Smoking Cessation: Finding What Works for You

02/11/19
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J. Rob Headrick, M.D., thoracic surgeon, CHI Memorial Chest and Lung Cancer Center


Smoking and tobacco use is a major risk factor for many kinds of cancer – including lung cancer and every oral cancer such as mouth, lips, tongue, larynx, sinuses and tonsils. But the addiction to smoking is real – it’s considered one of the most difficult habits to break.
Although most people understand many of the health risks associated with smoking, they still find it extremely difficult to quit. Family members of my patients often ask about strategies or classes or medications. Unfortunately, the motivation to quit must come from the smoker themselves, not out of obligation or to please another person.

To quit smoking once and for all, you need a valid reason. This could be a decision you make to better your health overall, or a desire to stop coughing in the morning when you wake up, or to see your granddaughter grow up and participate in her life. This reason is different for every person.

Quitting smoking is hard, and smokers enjoy their smoke breaks. They like drinking and smoking with other smokers. Husbands and wives enjoy sitting on their back deck and smoking together. That’s why asking anyone to quit smoking is really difficult. Like a recovering alcoholic who wouldn’t hang out in a bar at happy hour, giving up smoking means changing the places you go and the things you do.

Anyone who’s quit smoking knows it’s not easy, and there’s no one way to quit. You have to find what works best for you. Here are a few tips that can help make that transition from smoker to non-smoker a little easier.

  1. Set yourself up for success. That means surrounding yourself with people who understand and support what you’re trying to do. Enlist your friends and family members to help keep you accountable.
  2. Change your environment. Old habits are hard to break. Limit or avoid altogether the places you usually smoke and find something to hold or do that serves as a distraction when you would normally reach for a cigarette.
  3. Occupy your brain (and your hands). Sitting still and muscling through a craving isn’t going to work for most people. Some hold toothpicks or pencils in their hands. Use gum to keep your jaw moving. When smoking is your first instinct, take a walk around the block. Exercise has been shown to reduce or alleviate the impulse to smoke when you are in the heat of a craving.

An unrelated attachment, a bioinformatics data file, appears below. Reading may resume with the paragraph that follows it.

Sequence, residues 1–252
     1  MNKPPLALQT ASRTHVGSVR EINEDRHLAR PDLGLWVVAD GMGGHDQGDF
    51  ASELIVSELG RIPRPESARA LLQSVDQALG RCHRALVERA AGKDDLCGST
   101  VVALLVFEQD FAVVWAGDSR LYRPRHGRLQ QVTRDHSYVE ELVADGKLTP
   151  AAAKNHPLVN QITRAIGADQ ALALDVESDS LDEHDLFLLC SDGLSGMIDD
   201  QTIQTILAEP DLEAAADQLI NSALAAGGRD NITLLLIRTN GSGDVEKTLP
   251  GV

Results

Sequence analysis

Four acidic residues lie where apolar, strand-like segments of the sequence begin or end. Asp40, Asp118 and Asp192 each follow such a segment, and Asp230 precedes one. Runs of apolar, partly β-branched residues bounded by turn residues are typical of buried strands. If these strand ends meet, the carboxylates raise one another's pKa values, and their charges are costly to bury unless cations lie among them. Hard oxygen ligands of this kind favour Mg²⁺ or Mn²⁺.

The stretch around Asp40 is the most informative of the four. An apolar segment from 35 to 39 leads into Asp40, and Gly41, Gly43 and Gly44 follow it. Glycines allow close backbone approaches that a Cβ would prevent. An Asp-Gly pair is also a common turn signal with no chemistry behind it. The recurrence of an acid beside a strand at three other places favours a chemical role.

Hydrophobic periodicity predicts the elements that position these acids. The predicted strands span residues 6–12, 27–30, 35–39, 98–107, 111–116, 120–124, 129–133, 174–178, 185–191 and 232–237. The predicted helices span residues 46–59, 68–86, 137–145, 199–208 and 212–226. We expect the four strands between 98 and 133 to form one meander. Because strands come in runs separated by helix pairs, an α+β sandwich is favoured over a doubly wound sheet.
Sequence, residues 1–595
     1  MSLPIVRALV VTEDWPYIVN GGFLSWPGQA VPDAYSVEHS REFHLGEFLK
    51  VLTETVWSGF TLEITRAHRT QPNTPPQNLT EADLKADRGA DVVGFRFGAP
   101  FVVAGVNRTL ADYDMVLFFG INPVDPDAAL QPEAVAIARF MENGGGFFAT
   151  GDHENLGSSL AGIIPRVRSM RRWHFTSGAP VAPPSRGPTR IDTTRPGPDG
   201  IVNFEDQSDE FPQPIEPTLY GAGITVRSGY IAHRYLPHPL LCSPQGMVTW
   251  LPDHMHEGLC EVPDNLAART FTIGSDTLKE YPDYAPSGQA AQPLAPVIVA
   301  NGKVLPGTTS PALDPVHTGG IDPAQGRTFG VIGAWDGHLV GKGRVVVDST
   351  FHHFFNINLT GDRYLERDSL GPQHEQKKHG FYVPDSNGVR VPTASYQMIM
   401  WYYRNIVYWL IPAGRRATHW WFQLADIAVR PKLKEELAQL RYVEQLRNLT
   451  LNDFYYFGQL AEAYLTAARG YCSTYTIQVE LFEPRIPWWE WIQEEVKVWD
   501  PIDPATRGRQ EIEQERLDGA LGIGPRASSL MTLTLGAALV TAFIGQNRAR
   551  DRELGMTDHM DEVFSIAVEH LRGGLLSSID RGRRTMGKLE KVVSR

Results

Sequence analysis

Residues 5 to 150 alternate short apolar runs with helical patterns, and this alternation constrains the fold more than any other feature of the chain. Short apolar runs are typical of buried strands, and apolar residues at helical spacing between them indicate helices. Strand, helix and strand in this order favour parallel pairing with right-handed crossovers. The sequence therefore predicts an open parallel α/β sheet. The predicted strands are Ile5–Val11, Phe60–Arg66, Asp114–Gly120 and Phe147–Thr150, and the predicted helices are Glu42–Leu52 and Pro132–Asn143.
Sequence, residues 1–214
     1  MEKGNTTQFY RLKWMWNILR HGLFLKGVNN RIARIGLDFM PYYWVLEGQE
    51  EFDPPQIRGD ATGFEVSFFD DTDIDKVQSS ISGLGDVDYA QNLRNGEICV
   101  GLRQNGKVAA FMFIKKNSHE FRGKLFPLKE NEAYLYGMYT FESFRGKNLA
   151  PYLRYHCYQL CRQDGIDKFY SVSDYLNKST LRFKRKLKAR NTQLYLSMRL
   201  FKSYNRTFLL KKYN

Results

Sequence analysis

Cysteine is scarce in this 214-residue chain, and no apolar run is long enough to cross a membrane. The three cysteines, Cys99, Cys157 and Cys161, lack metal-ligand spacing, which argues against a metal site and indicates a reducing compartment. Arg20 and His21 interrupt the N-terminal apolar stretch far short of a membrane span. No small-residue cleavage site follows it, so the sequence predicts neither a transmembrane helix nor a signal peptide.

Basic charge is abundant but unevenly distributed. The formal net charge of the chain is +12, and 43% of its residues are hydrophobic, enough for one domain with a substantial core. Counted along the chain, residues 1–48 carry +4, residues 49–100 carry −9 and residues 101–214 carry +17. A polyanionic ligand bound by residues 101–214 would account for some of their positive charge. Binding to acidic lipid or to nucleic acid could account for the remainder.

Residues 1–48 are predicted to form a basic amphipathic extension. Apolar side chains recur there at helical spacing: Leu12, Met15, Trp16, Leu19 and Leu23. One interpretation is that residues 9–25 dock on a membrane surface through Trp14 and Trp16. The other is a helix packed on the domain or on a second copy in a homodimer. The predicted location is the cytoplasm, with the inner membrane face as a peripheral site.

4. Remove all forms of temptation. There’s no need to hold onto that last pack of cigarettes. If you’re tempted to smoke, it will be too easy to reach into your desk draw in a moment of weakness. If you have to drive to the store first, you’ll have time to reconsider.
  5. Use prescription drugs wisely. There’s no medication that will cause you to quit if your mindset hasn’t changed. But when you’ve made a serious commitment to quit, medications are available to help support you and make the transition more manageable.
  6. Consider a class. Just like group exercise classes that hold you accountable in your weight loss journey or an AA meeting for those struggling with alcohol addiction, it’s better if you don’t do it alone.

CHI Memorial’s Rees Skillern Cancer Institute offers the American Lung Association’s Freedom From Smoking program, ranked one of the most effective programs in the country. CHI Memorial leads the eight-session program that includes step-by-step plans for quitting smoking and teaching evidence-based techniques that can be tailored for each individual.  Freedom From Smoking covers every aspect of quitting – including the health benefits of quitting, recognizing triggers, helpful relaxation therapies and an open forum to talk about the stress that quitting can cause.

Are you ready to make that first step and quit smoking for good? Call the Rees Skillern Cancer Institute at (423) 495-7778 today to learn available classes in your area.

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Karen Long
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p:423-495-7884
e: karen_long@memorial.org



Doctor Talk, CHI Memorial's blog, focuses on health and welness.